This year’s shearing day was just 2 days before Yarn School, and my head wasn’t in the game. Next year, I promise to be better prepared, and to take them off feed the night before. Full sheep are squirmy sheep. Squirmy sheep get nicked. We had several nicks this year (vs. none last year, when I removed their hay), alarming to neurotic novice shepherds like me. Each got a little splash of iodine and scabbed up like a scraped knee within a day.
We don’t have a slab, so for shearing, we just throw down some plywood and run out an extension cord to make a clean, stable working area. We also had a wee makeshift skirting table. Next year, I want a larger skirting table, and I will definitely remember to take away the hay the night before. After shearing each animal, it stayed on its butt a bit longer (they’re more or less passive when seated as above) and Danny gave each its CD/T vaccination and trimmed hooves, and I checked eyes with the FAMACHA score card (which I have since misplaced, arrgh) and wormed if necessary. Interestingly, only the black sheep needed dewormer. I’ll be checking every 2 weeks until winter.
The fruits of our labor: 7 prime fleeces, aggressively skirted:
Seconds (nice wool not covered by jackets, so more hay/dirt than above) 6.5# white mix, 3.5# colored mix:
Last year, I combined all seconds from the flock and had it made into felt. I think I’ll use it to make warm felt slippers, embroidered with year or flock names. If they’re successful, maybe I’ll do it every year! Here’s the felt from last year’s mixemups:
And lastly, the dregs, which includes both nicer wool that was way too rife with hay to bother with (mostly necks), plus all the (literally) crappy stuff, and the coarse leg and belly wool. There’s 14.5#! I may do a quick sort before I put it on the garden and increase the seconds bags, but most or all of this will become excellent garden mulch!
Comparing crimp, grease & length:
Romneys: Jayne Cobb & Fudgy the Whale; Merinos: Ronnie, Hokey Pokey & Agnes; Shetlands: Mr. Shivers & Uncle Honeybunch.
The Romneys (first pair) are the middle ground in grease, crimp, and length. Jayne may be a Romney-Merino cross; he’s finer and crimpier than mom. Merinos (center 3) are shorter, finer, denser, greasier, and crimpier. The Shetlands (last pair) are the longest, least greasy, and most open, with the least distinct lock formation. Though less crimpy, Shetland fleeces stick together in one big pelt. Merinos look like a heavy, clumpy pelt with cobwebby separations; and the Romeny fleeces kind of tumble apart into thick, chunky locks.
And because I’m bent on obsessive documentation of my fledgling flock, you get the critter-by-critter version as well.
Yearling wether Romney or Romney X Merino. Mom: Fudgy; Dad: unknown.
Fleece: 3.5#, heavily skirted. He’s about the same size as Agnes, and from a distance they’re hard to tell apart sheared, but there’s an easy trick: Jayne has black hooves and nose; Agnes had a pink nose and white hooves. Also Jayne has a little sheepie pee-pee and Agnes is an innie, but you can’t see that across a field.
Jayne’s elbow nick was the first and the worst. It bled a lot and looked scary and dramatic and made my stomach lurch, but the patch of skin was actually quite small, maybe 1/2″ by 3/4″, but inconveniently placed to stretch with every step. But unlike me, he wasn’t at all bothered by it. A good deal of the menacing red is just iodine. The bright stuff is blood.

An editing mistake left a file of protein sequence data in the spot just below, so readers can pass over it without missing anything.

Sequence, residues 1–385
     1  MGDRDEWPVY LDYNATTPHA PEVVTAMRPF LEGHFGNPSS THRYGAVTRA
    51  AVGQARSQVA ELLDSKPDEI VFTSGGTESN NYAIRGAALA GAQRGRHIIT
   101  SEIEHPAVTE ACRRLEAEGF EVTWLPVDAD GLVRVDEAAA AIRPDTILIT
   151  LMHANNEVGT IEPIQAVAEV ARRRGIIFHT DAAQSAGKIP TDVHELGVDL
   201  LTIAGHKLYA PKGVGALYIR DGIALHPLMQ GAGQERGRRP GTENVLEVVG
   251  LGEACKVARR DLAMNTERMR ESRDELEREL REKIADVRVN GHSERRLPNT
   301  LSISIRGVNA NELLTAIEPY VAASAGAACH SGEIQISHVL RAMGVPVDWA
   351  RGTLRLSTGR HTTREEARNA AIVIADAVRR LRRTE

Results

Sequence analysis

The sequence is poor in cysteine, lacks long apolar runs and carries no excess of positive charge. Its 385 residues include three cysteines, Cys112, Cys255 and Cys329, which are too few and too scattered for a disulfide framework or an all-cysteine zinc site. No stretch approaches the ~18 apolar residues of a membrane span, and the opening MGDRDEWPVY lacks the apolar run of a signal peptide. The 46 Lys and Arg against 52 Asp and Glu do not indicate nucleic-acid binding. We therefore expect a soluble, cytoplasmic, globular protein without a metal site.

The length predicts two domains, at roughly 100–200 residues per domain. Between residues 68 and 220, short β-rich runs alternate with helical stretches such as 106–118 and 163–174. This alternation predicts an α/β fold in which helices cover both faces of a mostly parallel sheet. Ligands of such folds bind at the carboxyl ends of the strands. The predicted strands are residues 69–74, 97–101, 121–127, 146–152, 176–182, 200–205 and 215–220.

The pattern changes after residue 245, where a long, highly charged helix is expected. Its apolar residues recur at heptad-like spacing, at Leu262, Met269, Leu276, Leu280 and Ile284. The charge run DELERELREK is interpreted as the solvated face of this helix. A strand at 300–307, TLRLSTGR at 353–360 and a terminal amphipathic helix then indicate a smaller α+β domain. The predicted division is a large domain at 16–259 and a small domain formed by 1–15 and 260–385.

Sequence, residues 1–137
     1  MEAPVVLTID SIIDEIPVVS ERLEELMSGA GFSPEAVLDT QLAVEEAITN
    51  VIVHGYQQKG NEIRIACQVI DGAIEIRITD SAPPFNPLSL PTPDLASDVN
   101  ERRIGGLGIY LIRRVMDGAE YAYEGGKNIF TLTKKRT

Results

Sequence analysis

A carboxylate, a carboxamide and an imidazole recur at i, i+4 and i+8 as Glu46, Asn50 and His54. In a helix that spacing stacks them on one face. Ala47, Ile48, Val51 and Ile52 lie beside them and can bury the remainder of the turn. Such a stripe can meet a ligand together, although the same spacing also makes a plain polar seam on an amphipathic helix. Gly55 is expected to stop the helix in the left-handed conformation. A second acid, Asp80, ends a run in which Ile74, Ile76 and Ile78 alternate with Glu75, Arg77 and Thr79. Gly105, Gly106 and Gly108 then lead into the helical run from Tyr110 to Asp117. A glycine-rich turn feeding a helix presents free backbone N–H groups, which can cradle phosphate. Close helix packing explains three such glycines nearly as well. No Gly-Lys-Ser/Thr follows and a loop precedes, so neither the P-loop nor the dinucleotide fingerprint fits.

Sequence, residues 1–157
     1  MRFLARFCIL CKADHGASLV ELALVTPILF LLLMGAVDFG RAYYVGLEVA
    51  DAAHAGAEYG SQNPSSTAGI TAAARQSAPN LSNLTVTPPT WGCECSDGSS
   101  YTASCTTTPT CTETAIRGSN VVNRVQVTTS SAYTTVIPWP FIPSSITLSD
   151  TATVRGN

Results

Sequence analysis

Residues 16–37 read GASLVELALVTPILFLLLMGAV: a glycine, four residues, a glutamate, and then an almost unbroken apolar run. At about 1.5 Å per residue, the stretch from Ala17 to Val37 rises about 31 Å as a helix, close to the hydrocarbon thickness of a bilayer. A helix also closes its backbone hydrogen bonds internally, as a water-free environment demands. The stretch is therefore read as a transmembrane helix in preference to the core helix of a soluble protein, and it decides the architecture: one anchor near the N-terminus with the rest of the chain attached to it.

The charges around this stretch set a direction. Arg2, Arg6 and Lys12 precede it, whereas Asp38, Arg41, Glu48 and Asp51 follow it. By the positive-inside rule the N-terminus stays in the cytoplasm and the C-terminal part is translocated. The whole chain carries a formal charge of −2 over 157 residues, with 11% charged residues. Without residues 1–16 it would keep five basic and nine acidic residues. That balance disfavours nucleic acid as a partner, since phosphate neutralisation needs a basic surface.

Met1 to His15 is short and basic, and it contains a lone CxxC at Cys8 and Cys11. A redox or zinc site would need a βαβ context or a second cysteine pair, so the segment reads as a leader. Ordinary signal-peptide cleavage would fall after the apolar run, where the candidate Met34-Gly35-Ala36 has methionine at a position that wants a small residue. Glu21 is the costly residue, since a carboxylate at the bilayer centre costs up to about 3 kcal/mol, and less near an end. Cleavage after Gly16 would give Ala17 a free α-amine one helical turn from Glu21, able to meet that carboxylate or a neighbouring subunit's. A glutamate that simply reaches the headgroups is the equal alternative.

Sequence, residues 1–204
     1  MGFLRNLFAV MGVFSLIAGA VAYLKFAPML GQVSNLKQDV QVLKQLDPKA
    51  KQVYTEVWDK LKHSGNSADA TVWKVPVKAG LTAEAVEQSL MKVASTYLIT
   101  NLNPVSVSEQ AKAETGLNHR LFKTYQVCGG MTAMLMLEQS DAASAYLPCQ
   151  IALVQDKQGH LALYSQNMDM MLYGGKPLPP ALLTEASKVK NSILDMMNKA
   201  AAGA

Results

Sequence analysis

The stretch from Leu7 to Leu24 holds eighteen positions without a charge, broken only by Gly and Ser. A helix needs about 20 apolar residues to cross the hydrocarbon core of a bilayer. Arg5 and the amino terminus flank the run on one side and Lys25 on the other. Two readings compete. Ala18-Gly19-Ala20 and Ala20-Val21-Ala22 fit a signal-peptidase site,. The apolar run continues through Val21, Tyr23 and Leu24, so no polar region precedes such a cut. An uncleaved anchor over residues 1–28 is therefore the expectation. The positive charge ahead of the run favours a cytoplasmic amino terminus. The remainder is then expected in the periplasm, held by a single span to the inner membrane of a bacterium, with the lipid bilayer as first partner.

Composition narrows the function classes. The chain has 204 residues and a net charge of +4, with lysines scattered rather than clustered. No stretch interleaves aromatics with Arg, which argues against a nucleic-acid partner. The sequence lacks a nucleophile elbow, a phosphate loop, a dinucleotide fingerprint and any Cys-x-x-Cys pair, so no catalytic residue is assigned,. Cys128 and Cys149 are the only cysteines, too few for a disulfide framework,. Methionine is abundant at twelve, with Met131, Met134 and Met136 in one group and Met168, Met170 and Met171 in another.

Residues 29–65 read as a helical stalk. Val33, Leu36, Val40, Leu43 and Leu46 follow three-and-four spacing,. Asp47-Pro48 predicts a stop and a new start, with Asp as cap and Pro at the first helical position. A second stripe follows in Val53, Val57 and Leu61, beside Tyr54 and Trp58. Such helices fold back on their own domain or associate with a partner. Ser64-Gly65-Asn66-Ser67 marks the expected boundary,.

A lot of his fleece was much finer than this sample. It looks somewhere between Romney & Merino, and his pops could be Roger the spotted merino ram (making him half-brothers with the twins) or a big white ram lamb that was briefly in his paddock last fall before I got Fudgy. I like the idea of Fudgy being an ovine Mrs. Robinson. This shows the finer, crimpier stuff.
Fudgy the Whale
3-year old registered Romney ewe.
Fleece: 7.5#, heavily skirted.
Ronnette “Ronnie” Wigglesworth
Yearling merino ewe. Mom: Agnes; Dad: Roger the spotted merino. Ronnie’s fleece is so different I started to wonder if maybe she didn’t have a different dad, but then I remembered that her grandma, Ninny, had a very open fleece as well. (I bought Ninny’s beautiful spotted fleece from Tina a couple years ago).
Fleece: 3.5#, heavily skirted.
It’s hard to tell in this picture, but she’s quite small, about the same size as the Shetlands. Her nose is so Roman! You couldn’t tell at all when she was in full fleece.
The lighter samples came from those spots on her back. Both Ronnie and Fudgy have light spots I didn’t remember. Ronnie has much less grease than her brother and mom.
Yearling merino wether. Mom: Agnes; Dad: Roger the spotted merino.
Fleece: 4#, heavily skirted.
Hokey Pokey’s fleece ranges from heavily silvered to quite black, with more silvery overall. While it’s heavier than Ronnie’s, it looks smaller, so I’m expecting a higher grease weight and roughly equal overall yield.
2-year-old black-factored white Merino ewe.
Fleece: 6.5#, heavily skirted.
2-year-old Shetland wether.
Fleece: 3#, heavily skirted.
I was stunned at how long the Shetlands were this year! Lovely!
2-year-old Shetland wether.
Fleece: 2.5#, VERY heavily skirted (his fleece was so big his jacket was halfway up the side).
Once again, Uncle Honeybunch is the fattest. He seems so mild-mannered, but he’s really a grain bully.
And in other Cupcake Ranch, our barn cat (not officially ours–she just showed up and started hunting out back) had kittens, possibly during Yarn School, when they were first heard mewling loudly. They’ve all been tucked away in the hay, but this morning, they were lounging on a bale. Three black kittens + the big gray mama we thought was a boy. Now that there’s a whole family in residence, I guess they’re more or less officially ours. I’m giving them fresh water, but I think we’ll skip the food as long as everyone looks healthy. I don’t want the mousing to stop (and there are plenty of mice to go around!).